China says US blaming President Xi Jinping for blocking trade deal is bogus and shocking

Chinese employees sew US flags at a factory in Fuyang in China's eastern Anhui province on July 13, 2018.
Chinese employees sew US flags at a factory in Fuyang in China's eastern Anhui province on July 13, 2018.PHOTO: AFP

BEIJING (REUTERS) - China said on Thursday (July 19) that comments made by a senior White House official blaming Chinese President Xi Jinping for blocking progress on a deal to avert a trade war were shocking and bogus accusations.

The United States and China this month slapped tariffs on US$34 billion (S$47 billion) of each other's imports in an escalating trade tussle that has roiled financial markets.

US President Donald Trump has threatened further tariffs unless Beijing agrees to change its intellectual property practices and high-technology industrial subsidy plans.

On Wednesday, Mr Larry Kudlow, who heads the White House Economic Council, said that he believed lower-ranking Chinese officials want a deal, including Mr Xi's senior economic adviser Liu He, but that Mr Xi has refused to make changes to China's technology transfer and other trade policies.

Asked about Mr Kudlow's comments, China's foreign ministry spokesman Hua Chunying said: "That the relevant United States official unexpectedly distorted the facts and made bogus accusations is shocking and beyond imagination.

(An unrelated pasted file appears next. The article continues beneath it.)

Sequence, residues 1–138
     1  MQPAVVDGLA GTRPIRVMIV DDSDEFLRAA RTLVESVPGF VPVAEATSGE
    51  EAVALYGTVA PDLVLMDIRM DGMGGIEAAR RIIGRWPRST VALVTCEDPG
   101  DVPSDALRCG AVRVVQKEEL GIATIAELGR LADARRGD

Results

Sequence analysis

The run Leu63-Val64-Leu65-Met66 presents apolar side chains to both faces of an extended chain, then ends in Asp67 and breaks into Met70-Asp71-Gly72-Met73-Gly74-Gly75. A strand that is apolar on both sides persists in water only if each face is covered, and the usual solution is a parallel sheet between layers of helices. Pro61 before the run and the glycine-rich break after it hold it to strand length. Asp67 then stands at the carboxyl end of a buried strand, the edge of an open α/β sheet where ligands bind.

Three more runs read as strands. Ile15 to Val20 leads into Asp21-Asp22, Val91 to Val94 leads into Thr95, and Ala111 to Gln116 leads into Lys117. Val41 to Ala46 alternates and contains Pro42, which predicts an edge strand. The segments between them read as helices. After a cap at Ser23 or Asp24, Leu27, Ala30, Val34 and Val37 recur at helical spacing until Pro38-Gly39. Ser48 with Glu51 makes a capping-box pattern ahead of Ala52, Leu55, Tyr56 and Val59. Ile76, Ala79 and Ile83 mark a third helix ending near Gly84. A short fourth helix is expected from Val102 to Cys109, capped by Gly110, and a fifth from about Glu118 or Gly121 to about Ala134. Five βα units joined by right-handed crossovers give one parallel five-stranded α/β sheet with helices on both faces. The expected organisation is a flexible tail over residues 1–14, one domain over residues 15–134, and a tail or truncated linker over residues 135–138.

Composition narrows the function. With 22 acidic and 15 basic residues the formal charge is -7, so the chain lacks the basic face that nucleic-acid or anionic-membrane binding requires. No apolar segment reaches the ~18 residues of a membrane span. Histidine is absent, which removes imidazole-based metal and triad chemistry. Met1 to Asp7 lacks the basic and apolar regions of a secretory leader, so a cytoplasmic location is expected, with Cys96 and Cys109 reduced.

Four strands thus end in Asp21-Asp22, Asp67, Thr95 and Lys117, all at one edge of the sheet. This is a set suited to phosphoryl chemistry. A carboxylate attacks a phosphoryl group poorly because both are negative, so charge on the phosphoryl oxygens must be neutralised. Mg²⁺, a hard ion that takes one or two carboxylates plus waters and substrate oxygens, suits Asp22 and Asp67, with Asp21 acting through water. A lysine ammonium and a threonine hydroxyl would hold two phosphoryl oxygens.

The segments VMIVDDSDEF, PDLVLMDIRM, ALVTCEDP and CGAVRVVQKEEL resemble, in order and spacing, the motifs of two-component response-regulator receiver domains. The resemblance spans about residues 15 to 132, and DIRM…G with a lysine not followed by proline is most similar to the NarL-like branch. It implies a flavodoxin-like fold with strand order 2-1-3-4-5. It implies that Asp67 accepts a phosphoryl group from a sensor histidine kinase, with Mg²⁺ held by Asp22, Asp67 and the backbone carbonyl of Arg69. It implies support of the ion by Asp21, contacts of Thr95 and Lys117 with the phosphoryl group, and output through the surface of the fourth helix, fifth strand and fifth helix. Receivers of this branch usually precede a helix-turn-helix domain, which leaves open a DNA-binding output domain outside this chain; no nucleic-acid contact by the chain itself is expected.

"The United States' flip-flopping and promise-breaking is recognised globally."

China has made the utmost efforts to avoid an escalation of trade frictions, Ms Hua said at a regular media briefing , reiterating that China does not want a trade war but is not afraid of one.

 
 
 

Mr Kudlow said on Wednesday that Mr Xi was "holding the game up".

"I think Liu He and others would like to move but haven't," he said at a conference. "We are waiting for him (Xi). The ball is in his court."

China could end US tariffs "this afternoon by providing a more satisfactory approach" and taking steps that other countries are also calling for, he said.

China's other trading partners, including the European Union, while not supporting tariffs, have also criticised Beijing's trade policies.

China has blamed Washington for the trade conflict, with the foreign ministry calling it the biggest "confidence killer" for the global economy, and vowing to fight back if the United States continued to be "wilful".